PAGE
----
Everything you wear, say, and do, and don’t wear, say, or do, has a lot of impact on the people who see you. Not just the people you meet, but the ones you don’t, the ones who watch you from afar. The ones who you’ll never talk to, but are watching you, sizing themselves up against you.
I learned this first hand on Sunday.
A coworker told me they needed to find a church. So, I invited them to mine.
“What should I wear?” they asked.
I shrugged. “Whatever you want.”
They paused for a minute, then asked me, “What are you going to wear?”
I shrugged again. “A hoodie and my black skinny jeans.”
Mom and I met up with her at a gas station. “Did I tell you we watch a screen?” I asked as we got closer to Church.
“No,” she said.
Hm, I was sure I did. “Well, the pastor preaches on Saturday, and that’s what we watch for the services.”
She nodded slowly. On the one hand, I’m glad she didn’t know before this moment. She may not have accepted my invitation. But seriously, I swear I told her.
As we were seated, I watched her as she looked around. The place was packed. I had never seen it so full. (I later found out that there were only ten empty seats left).
“Wow, he must be really good if he can get people out of their beds at 9:30 in the morning to go watch a screen.” The skepticism on her face and in her tone was evident. Clearly.
I nodded. “Oh yeah, he’s good,” I said as I turned away. Lord, he better be good today, I prayed. I knew he was going to be, but he had to be really good today.
After worship had ended and Pastor Steven finished his opening speech, we sat down and he announced his message title: It’s A Lot.
“Isn’t that we I just told you?” my friend asked me. I looked over at her and smiled. As Pastor Steven went on with the message, she looked over at me again. “Did you know he was talking about this today?”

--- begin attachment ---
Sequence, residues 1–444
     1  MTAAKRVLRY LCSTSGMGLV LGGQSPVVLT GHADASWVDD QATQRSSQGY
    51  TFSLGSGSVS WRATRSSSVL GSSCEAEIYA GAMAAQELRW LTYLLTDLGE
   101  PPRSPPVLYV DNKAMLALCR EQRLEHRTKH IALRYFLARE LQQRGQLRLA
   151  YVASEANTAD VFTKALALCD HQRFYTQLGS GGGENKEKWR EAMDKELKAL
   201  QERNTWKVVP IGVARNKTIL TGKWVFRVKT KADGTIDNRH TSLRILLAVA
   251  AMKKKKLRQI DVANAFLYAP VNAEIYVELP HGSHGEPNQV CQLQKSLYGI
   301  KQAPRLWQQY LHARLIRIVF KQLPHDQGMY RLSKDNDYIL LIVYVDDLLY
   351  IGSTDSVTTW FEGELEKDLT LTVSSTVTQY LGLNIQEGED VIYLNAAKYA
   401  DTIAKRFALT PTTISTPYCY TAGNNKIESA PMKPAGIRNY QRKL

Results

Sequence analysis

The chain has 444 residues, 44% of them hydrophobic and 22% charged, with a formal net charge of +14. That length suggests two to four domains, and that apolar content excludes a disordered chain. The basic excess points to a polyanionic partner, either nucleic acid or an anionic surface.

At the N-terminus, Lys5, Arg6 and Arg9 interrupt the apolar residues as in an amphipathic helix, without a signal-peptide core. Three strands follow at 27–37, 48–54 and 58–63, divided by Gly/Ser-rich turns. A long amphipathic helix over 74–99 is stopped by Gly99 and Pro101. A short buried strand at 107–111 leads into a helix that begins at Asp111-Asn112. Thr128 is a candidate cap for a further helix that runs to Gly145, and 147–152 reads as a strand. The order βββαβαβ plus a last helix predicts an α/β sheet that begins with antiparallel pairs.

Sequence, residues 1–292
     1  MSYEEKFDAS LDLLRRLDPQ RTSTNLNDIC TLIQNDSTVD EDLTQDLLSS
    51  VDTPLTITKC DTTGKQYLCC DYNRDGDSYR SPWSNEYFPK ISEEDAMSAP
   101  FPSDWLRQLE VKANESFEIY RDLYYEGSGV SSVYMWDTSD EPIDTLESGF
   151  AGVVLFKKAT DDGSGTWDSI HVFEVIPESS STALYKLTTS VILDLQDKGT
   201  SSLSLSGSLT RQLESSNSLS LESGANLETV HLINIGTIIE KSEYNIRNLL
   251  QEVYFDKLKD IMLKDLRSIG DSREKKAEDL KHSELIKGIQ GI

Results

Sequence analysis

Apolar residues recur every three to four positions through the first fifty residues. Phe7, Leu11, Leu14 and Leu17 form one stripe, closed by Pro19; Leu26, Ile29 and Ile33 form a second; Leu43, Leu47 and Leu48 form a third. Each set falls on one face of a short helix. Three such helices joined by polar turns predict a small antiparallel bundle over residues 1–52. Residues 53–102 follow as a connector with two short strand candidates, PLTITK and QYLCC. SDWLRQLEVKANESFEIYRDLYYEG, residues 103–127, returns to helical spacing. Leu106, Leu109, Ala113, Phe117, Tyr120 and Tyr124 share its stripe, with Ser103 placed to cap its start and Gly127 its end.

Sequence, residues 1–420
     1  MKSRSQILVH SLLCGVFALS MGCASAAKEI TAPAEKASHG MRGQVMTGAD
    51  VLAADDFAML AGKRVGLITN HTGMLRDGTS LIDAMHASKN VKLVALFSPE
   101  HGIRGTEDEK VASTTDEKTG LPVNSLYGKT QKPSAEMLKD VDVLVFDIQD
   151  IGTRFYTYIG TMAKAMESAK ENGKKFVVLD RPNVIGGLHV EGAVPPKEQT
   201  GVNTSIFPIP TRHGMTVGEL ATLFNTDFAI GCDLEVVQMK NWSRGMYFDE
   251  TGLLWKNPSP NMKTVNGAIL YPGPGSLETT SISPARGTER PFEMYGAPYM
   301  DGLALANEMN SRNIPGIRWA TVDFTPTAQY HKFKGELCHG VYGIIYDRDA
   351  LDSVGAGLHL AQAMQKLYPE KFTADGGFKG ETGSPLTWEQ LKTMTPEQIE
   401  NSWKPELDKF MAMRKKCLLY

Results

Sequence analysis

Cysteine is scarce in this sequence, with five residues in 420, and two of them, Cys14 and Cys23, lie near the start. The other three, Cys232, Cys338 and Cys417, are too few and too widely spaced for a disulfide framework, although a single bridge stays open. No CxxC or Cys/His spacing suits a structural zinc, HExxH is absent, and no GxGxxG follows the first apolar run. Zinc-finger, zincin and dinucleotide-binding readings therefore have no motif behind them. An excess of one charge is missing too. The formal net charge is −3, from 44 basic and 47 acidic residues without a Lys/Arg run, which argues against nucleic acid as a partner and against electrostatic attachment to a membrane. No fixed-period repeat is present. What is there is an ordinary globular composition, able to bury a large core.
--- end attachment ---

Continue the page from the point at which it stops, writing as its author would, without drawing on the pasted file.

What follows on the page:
I shook my head. “Nope.” After the message was done we went to the newcomers lunch. “Banana peppers?!” my friend exclaimed. “It’s like they knew I was coming!”
“So, is he good enough to get people out of their beds to go watch a screen?” I asked her when we sat down.
She vigorously nodded her head. “Oh yeah, he’s really good.”
Later on when I got to work, I could see the difference all over her. She was all smiles and she kept hugging me. From three until seven, she could not stop talking about her experience.
“The music was really good,” she told me. “The singer in the worship team had on ripped jeans! That made me feel so much better about myself.
“I’ve never taken notes in church before, but he kept saying things I needed to know.
“I should have known that was the type of church you went to, since you don’t like ‘normal’ churches.
“The pastor said things I’ve been saying to you this whole week.
“I can’t believe that those people are like me.”
I asked her if she was going next week, and she immediately replied, “Yep! I’m going to the 11:30 service.” This whole week she’s been telling me how excited she is, and how she’s been telling everyone about it, and she even told me she invited someone else. All because of some ripped jeans, banana peppers, and a message that was specifically made for her.
God doesn’t make mistakes. Everything the people wore (even the pastor, with this oversized hoodie, blue jeans, and boots), everything they said, the songs they sang, and the food they put out on the table, they were all meant for her. She needed to come on this day. I cannot deny the impact this place has made on her. I cannot deny God’s power.
Every Sunday, this is what people go through. I had the privilege and the honor of seeing it first hand. Now when people say, “I’m not the same as I was when I came in here,” I believe them, and I understand at a deeper level what they went through. I can imagine in greater detail what they were thinking when they came in, and what they are thinking when they come out.
Remember the little things. Remember that you play a big part in peoples’ lives, both the ones that you meet, and the ones that you don’t.